In February of 1842, Van Buren (above) journeyed to Nashville, Tennessee, for an extended visit with his mentor Andrew Jackson, hoping some of Old Hickory’s popularity would rub off on him. It did not. Heading north, Van Buren then set off for a tour of the frontier states. He was well received in Kentucky, and the pro-slavery areas around Cincinnati, Ohio, but the closer he got to Indiana the more reserved the crowds became.
In early June he was met at the Indiana border by 200 loyal Democrats, and gave them a speech at Sloan's Brick Stage House on Main Street (the National Road) in Richmond, Indiana. But the vast majority of the local Quakers remained skeptical. And while Van Buren was speaking, noted the Richmond Palladium newspaper, “...a mysterious chap partially sawed the underside of the double tree crossbar of the stage...so that it would snap on the first hard pull…”
The next morning the stagecoach and its distinguished passenger headed for Indianapolis, the “Capital in the Woods”. But just two miles outside of Richmond, while bouncing over ruts and stumps, the carriage splashed into a great deep mud hole. And when the horses were whipped to yank the carriage out, the weakened cross brace snapped. Dressed in his silk finery, Martin Van Burn was forced to disembark into the foul waters and wade to shore.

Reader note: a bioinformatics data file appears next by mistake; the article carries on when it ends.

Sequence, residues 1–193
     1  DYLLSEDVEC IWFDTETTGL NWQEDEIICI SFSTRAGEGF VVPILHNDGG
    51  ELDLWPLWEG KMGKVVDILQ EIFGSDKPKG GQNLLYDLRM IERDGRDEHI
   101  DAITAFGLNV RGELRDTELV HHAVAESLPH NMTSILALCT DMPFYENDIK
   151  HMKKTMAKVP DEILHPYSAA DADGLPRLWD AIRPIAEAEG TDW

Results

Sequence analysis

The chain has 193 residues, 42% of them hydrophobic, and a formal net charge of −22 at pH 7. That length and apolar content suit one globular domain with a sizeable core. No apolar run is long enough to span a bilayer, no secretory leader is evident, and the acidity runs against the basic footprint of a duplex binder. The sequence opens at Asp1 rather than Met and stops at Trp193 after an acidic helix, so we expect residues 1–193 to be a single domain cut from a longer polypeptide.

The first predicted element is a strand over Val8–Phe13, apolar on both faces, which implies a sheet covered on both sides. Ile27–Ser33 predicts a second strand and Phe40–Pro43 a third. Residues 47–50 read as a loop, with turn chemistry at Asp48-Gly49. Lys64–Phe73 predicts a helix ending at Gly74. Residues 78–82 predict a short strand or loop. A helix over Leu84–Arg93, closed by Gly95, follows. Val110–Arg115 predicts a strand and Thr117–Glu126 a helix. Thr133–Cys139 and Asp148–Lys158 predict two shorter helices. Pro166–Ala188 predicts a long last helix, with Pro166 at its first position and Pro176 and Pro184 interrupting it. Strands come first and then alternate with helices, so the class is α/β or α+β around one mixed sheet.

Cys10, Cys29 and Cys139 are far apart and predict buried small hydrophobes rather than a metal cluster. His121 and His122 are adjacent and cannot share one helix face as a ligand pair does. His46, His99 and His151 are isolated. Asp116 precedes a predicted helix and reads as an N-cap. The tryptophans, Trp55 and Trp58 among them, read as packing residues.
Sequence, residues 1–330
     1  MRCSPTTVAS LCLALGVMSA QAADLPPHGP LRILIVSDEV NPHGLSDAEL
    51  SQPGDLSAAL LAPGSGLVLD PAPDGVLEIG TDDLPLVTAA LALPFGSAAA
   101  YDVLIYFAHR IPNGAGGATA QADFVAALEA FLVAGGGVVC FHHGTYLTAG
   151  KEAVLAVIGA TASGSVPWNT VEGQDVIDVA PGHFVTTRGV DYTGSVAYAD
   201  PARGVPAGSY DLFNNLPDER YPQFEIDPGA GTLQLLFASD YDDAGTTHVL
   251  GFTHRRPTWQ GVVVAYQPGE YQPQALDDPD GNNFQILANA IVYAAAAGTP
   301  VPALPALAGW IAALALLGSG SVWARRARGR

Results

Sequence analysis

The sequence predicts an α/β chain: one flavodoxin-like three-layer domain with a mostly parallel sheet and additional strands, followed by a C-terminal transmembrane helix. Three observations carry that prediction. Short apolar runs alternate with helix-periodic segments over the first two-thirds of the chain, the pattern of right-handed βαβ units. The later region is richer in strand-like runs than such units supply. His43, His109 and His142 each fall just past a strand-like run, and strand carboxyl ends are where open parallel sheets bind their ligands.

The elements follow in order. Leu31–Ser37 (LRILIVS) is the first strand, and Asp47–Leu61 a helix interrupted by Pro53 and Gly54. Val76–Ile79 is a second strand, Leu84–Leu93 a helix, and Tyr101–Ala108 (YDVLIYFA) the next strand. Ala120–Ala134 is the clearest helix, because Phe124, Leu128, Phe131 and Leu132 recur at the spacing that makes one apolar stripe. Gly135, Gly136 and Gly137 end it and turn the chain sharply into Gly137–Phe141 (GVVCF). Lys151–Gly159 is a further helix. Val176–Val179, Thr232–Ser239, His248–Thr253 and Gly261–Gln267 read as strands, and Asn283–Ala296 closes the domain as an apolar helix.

There was no indication of any further sabotage on Van Buren's 74 mile ride across the mostly open prairie, which took the better part of three days. The ex-President and future candidate made it to the Hoosier capital in time to keep his appointments and make his speeches over the weekend of June 9-10. He took two more days to make political contacts, shaking hands and trading confidences, before, on Wednesday, June 13, he boarded yet another mail coach for the 75 mile journey to Illinois. But just six miles down the road, Van Buren had to pass through the Quaker bastion of Plainfield, Indiana.
The town earned its name from the “plain folk” who had laid out the town ten years earlier on the east bank of White Lick Creek. This Henricks county town was straddled by the National Road, which provided Plainfield's livelihood. Less than a quarter mile up Main Street from the  ford over the "crick", amidst a stand of Elms, the Quakers had built a camp ground and built a meeting house. And here, that Wednesday morning, were gathered several hundred Wigs and Quakers, in their “Sunday, go to meeting clothes”, to see the once and maybe future President ride past. The crowd may have even been increased because the driver of this particular leg of the President's journey was a local boy, twenty-something Mason Wright. Soon, the crowd heard the blast of the horn from Mason's lips, warning of the VIP's bouncing approach down the gentle half mile slope toward White Lick Creek.